The hon. Gentleman will recognise the first principle: that the dividing line between those who support the national health service and those who oppose it lies in the belief that health care should be provided equally to those who need it, free at the point of need. That principle has been approved by the British people for 60 years, and has been supported by them ever since. I understand that changes such as the introduction of foundation trusts are often controversial, and that we must continue the discussions to carry people with us on

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such radical proposals. I would point out, however, that the new Commission for Healthcare Audit and Inspection will be able to audit and inspect all hospitals—not just foundation trusts and not only other hospitals, but all hospitals in the public and the private sectors. NHS foundation trusts will operate totally within that principle.

Chris Grayling: Will the Secretary of State give way?

Dr. Reid: I want to make some progress. The hon. Gentleman has spent the last 10 minutes shouting "Get on to the Bill"; now he interrupts me when I am doing that.

Our Bill proposes, in effect, a new form of local public ownership, guaranteeing equally high-quality service to patients that is free at the point of need. It has never surprised me that when we introduce such novel forms of local public ownership we encounter resistance from the Conservatives: that is entirely in keeping with their beliefs. They oppose anything that smacks of communal or public ownership. Whatever differences we have, however, I accept that my own colleagues find that difficult. I will not hide my disappointment that some of them felt the need to join the Conservatives in the Lobbies tonight, but I hope we can continue to talk it through. Because this is a new and radical form of public ownership, there will be problems that we shall have to work out; but I genuinely believe that this is one way in which we can ensure that we revitalise the NHS in a way that is in keeping with its principles, and at the same time allow local decision-making—which is possible and, indeed, necessary—to meet the different needs and expectations of 60 million of our fellow countrymen.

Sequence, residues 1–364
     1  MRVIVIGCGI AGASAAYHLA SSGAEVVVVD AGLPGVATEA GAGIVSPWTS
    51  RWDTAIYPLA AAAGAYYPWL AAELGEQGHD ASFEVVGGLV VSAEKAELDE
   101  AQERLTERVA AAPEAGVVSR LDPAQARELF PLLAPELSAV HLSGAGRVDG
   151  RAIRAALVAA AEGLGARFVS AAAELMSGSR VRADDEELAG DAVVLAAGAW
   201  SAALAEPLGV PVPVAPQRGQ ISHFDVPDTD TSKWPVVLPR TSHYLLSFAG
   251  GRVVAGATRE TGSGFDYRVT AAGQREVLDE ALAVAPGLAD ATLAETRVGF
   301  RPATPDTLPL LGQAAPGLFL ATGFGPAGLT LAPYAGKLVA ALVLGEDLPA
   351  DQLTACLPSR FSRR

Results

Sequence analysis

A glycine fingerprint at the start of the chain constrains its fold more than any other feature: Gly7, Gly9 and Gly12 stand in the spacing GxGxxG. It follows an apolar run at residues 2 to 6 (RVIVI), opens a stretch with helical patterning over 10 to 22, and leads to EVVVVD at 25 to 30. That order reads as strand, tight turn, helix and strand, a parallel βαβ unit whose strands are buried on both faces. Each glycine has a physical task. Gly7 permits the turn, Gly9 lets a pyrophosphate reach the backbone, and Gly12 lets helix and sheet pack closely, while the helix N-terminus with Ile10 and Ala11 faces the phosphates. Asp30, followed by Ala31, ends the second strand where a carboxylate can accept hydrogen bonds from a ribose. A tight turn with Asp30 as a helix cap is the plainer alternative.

Mr. Michael Weir (Angus): Will the Secretary of State give way?

Dr. Reid: I will, only because tonight the SNP set a precedent that it said it never would, and came down en bloc to vote—unfortunately—against improvements in the NHS.

Mr. Weir: It is interesting that the Secretary of State should make that point, because that was not why we voted. It was because of the Barnett consequentials, as he should know.

The Secretary of State has said a lot about foundation hospitals. Although I do not agree with it, I understand why someone might want foundation hospitals in both Scotland and England, but can the Secretary of State explain why some Scottish Labour Members seem to favour foundation hospitals in England but not back in Scotland? Is that not an inconsistency?

Dr. Reid: I am sure that those who voted tonight—and some Scots voted against the Bill, including the hon. Gentleman and his colleagues and some on our side, as well as Scottish Liberals, although others voted for it—hold the same views whether they vote here or voice their opinions in Scotland.

Of course we believe in devolution in this House. Part of the deal, which we as a Labour Government put before the people and brought to the House, was the simple proposition that all Members are equal in terms

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of voting rights and of their opportunities to hold office. Not only is that right in principle; to go in the direction in which the hon. Gentleman wishes to go would bring chaos. There would have to be different voting regulations, and opportunities for ministerial office would have to be different for the Scots, the Welsh and those in Northern Ireland. [Interruption.] The hon. Gentleman says, "Yes". That is three categories. Then there are London Members, because we devolved the executive control of transport. Then there is the north-west of England and the north-east, if they opt for regional government. We would end up with eight classes of MPs. That is a recipe for chaos. We have never accepted that.

Mr. Alex Salmond (Banff and Buchan): Will the Secretary of State give way?

Dr. Reid: I will give way to the hon. Gentleman, as he has made the effort to come down—even if it was to vote against the national health service.